Regaining Mobility After A Sports Injury


Sports (and life) have great potential to cause injury. Whether you were tackled, hit, or simply stepped wrong and fell hard, that injury can keep you on the sidelines of the big game. Injuries to joints especially, require a great deal of time and work to regain strength and mobility.

For most people, physical therapy is the key to recovery.

Recovery and Prevention Go Hand in Hand

At STACK Sports Performance and Therapy, we know that recovering from an injury is only half the battle. Our board certified physical therapists work with our patients and athletes strengthening muscles and increasing range of motion using both traditional techniques and cutting-edge technology. Our practices include therapies like dry needling, tens units, Normatec compression boots and sports and medical massage.

Once strength and mobility are both returning, we can begin to assess the mechanics of how you move with a Functional Movement Screen. This helps your Doctor of physical therapy to see which movements need to be retrained to prevent strain, fatigue, and future injury. By the time you are fully recovered, you may also find yourself stronger and more mobile than before!

Regain an Active Life

Sports is life for a lot of people. Don’t let your injury get in the way of doing what you love. We recognize the importance of returning to your life and being able to do everything you used to do, especially at the same level of endurance.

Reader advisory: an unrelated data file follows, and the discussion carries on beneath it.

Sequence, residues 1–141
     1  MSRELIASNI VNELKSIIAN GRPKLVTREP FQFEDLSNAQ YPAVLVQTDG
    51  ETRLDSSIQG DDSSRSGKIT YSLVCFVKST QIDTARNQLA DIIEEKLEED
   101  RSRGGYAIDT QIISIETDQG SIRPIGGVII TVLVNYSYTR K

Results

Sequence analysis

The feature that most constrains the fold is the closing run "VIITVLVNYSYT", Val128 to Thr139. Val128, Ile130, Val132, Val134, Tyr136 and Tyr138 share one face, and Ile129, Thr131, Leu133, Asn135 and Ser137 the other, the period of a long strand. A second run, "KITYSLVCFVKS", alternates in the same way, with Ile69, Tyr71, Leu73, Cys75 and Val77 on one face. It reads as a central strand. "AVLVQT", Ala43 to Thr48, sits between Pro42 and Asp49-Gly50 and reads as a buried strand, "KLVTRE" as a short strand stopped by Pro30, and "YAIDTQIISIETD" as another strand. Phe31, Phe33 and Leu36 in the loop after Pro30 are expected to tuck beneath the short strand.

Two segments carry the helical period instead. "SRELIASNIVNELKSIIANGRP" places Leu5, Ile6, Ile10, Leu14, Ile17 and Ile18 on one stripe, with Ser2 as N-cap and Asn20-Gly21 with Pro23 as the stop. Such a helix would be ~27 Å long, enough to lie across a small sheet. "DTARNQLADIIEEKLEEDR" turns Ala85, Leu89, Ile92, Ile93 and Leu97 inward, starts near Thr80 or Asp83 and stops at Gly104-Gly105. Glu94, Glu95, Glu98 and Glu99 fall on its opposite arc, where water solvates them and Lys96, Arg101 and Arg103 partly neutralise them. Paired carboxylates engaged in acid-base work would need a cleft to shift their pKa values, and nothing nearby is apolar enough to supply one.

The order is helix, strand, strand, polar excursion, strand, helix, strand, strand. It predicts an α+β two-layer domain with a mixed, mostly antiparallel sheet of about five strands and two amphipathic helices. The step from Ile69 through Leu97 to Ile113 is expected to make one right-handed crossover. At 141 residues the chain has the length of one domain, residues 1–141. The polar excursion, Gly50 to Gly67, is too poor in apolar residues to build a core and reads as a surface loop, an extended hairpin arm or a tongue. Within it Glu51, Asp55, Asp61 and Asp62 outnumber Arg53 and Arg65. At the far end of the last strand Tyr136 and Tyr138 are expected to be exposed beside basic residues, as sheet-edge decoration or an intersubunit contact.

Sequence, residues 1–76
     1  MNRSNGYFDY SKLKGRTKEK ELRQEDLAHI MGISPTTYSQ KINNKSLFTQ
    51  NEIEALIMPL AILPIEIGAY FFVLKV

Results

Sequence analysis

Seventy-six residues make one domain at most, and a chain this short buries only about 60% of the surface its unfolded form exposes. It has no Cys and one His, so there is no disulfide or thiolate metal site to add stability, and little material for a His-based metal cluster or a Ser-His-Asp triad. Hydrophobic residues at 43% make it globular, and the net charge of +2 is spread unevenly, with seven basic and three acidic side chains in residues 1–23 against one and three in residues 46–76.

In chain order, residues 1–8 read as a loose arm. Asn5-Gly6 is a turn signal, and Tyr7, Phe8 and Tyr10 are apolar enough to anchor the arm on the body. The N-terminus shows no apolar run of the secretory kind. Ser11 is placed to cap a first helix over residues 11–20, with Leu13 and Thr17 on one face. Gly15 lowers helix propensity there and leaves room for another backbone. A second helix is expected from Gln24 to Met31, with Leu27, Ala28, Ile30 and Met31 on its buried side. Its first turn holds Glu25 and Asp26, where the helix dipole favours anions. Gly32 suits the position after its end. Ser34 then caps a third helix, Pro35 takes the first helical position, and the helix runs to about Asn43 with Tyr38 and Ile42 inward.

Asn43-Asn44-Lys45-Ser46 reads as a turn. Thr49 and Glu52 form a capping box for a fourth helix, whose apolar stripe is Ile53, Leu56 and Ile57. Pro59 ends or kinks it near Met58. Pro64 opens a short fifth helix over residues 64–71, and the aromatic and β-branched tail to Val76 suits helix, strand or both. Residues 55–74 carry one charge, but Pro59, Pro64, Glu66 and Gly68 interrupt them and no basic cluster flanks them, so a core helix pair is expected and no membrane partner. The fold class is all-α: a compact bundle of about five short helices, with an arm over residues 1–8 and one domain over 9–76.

Recovering from injury can be a long road. But at Atlanta’s STACK Sports Performance and Therapy you’ll get the best care and training possible. Check out our physical therapy “menu” and find out how we can get you back to being active!

Posted on behalf of STACK Sports Training & Therapy

4 myths about Muscle pliability you need to know


The term “muscle pliability” has been in the news around the NFL quite a bit recently. Tom Brady and his trainer, Alex Guerrero, claim that making muscles pliable is the best way to sustain health and performance. How true is that claim? While it’s a great descriptive term, we are going to shed some light on what it really means and how to create muscle pliability.

Our performance coaches, sports medicine specialists, and tissue therapists all find it to be a useful term to express some of the qualities of muscle. According to Miriam-Webster Dictionary here’s what pliable means:

Pliable

a: supple enough to bend freely or repeatedly without breaking

b: yielding readily to others

c: adjustable to varying conditions

That’s a pretty good description for many of the qualities we want in the tissue of an athlete (or any human for that matter). The problem is that it’s being mixed up with a lot of inaccurate and confusing statements.

Our Sports Medicine Specialist, Misao Tanioka, says that “the word pliability, in my opinion, depicts the ideal muscle tissue quality. It is similar to suppleness, elasticity, or resilience. Unfortunately, I believe some of the explanations offered by Mr. Brady and Mr. Guerrero have created some misunderstanding of what ‘muscle pliability’ really is.”

Let’s try and separate some of the myths from what is true.

 

Myth 1: Muscles that are “soft” are better than dense

That depends on what qualifies as “soft” muscle.  Tissue Specialist Cindy Vick has worked on hundreds of elite athletes, including NFL players and Olympians across many sports. “’Soft’ isn’t a word I would use for an athlete. When I’m working on an elderly client, I often feel muscles that could be called soft; they’re not dense. That’s not what I feel when working on elite athletes. Athletes who are healthy and performing well have muscles that have density without being overly tense and move freely. The tissue is still smooth and supple.”